Instead, you should just start your company as soon as possible. You can get advice from other people on most aspects, and avoiding the debt incurred in going to business school (or grad school) allows you a lot more options in pursuing your own company.


Sqwiggle and MSLGroup

Today, we had our first meetings here in sunny San Francisco. (Seriously, after not seeing the sun for the entire five days in Seattle, it feels like a religious experience to go out for a bike ride in shorts!)

The first group we visited this morning was the PR firm MSL Group, where we met with Bryan Scanlon. Before going in to this meeting, I knew almost nothing about what a public relations firm really does (besides, you know, public relations).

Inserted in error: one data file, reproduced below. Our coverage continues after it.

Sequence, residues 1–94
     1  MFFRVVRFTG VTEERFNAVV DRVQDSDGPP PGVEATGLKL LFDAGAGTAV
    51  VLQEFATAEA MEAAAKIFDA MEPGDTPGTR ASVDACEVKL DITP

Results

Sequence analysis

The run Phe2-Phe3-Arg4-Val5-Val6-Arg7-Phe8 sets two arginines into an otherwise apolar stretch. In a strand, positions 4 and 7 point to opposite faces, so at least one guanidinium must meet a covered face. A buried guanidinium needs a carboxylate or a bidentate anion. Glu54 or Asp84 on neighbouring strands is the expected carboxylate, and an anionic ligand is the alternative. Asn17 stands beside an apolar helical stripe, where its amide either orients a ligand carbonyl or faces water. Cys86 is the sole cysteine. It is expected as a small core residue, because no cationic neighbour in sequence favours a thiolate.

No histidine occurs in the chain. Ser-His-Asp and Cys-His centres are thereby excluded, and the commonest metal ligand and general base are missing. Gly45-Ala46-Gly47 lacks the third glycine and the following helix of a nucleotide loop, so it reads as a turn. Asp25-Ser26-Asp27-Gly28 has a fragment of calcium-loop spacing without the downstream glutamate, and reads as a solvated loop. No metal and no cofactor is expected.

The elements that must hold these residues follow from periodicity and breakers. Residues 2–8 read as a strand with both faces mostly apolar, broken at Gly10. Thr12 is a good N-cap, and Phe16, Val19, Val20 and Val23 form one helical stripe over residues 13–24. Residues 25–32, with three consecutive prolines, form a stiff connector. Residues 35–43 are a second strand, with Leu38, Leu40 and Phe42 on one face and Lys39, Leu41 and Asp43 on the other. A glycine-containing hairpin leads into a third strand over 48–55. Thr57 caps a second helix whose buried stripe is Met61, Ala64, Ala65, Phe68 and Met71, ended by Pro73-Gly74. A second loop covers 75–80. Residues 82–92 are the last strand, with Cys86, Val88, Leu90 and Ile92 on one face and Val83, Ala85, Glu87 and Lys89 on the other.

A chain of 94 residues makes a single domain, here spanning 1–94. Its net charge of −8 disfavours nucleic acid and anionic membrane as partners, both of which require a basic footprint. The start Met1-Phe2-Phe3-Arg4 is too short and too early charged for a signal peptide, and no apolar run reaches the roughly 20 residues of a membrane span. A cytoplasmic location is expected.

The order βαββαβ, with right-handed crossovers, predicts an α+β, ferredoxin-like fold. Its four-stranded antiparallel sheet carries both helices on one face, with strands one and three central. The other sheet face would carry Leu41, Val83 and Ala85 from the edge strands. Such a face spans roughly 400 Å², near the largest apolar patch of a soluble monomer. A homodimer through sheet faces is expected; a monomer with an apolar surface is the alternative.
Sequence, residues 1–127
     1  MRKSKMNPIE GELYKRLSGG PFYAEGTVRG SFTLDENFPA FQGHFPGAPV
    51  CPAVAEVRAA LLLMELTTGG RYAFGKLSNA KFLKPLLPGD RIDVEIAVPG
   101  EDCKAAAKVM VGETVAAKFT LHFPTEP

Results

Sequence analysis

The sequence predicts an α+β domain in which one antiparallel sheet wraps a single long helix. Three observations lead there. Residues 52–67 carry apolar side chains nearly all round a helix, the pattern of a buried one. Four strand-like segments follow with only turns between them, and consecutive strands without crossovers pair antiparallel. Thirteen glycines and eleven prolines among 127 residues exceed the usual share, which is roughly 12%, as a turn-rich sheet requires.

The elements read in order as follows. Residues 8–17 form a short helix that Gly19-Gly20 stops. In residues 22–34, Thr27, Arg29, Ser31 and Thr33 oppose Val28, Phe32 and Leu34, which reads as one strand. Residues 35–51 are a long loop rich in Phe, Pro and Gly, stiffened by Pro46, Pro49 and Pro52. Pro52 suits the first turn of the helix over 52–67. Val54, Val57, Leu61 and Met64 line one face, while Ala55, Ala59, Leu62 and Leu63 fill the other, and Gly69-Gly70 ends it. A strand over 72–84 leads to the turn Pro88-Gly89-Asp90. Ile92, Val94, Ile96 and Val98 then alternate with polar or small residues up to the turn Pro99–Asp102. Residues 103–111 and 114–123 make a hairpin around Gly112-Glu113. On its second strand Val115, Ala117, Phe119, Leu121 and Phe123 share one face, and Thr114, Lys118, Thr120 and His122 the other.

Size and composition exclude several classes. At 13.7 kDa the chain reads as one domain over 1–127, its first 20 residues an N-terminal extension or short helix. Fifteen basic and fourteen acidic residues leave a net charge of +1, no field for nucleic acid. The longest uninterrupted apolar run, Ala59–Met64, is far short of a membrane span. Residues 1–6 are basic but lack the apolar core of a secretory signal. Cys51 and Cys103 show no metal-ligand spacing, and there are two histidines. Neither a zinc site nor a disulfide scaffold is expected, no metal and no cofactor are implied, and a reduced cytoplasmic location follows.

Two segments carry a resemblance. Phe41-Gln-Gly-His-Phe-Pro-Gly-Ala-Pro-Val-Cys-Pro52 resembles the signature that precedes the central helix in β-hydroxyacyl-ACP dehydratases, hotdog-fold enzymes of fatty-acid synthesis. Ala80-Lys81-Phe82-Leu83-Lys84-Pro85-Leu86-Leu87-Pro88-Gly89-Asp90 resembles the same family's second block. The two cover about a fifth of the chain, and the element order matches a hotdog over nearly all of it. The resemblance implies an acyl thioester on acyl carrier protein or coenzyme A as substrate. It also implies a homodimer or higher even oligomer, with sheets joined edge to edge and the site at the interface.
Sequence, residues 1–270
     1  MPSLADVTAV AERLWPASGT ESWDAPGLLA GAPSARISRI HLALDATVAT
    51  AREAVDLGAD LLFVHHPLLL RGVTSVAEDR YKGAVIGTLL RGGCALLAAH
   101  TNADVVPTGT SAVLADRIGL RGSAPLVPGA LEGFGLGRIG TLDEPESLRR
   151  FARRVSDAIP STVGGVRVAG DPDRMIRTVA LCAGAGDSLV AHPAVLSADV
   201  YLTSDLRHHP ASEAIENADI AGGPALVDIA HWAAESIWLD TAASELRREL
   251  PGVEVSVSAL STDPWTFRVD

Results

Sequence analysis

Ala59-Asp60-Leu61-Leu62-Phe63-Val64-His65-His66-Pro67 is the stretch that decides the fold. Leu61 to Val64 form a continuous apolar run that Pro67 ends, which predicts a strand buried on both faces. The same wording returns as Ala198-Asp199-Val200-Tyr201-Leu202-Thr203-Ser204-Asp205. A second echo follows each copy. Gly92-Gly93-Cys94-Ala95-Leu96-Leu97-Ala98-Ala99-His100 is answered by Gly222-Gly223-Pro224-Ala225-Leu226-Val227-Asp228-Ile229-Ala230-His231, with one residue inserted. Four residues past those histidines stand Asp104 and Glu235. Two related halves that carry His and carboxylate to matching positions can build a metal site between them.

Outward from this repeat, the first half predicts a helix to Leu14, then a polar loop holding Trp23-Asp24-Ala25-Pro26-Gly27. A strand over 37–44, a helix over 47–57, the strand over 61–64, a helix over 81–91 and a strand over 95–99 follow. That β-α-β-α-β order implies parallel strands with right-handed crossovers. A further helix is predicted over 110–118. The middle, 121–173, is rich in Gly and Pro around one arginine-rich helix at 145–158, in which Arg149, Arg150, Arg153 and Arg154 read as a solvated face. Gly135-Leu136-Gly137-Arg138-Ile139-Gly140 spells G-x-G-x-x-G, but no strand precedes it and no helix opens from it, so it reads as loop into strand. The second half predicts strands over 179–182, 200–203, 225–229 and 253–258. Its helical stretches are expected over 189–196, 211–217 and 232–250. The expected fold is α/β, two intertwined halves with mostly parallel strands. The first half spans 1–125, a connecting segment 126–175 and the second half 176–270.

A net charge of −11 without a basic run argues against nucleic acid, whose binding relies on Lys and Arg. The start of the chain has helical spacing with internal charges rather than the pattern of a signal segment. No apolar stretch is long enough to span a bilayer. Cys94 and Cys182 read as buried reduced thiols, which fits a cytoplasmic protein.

MSL Group is in the top five global PR firms, so they obviously have some pretty big clients. The biggest client that Bryan works with is PayPal, so it was pretty interesting to get a glimpse into what he and the rest of the MSL Group staff do.

One of the things that stood out to me is when someone asked Bryan what kinds of stuff he does when he starts a new campaign or signs a new client. He said that coming up with cool ideas and PR stunts is relatively easy. The hard part is figuring out what effect a particular action has on the customer. Does it help their brand? Does it (accidentally) portray them in a poor light? Does it do anything at all?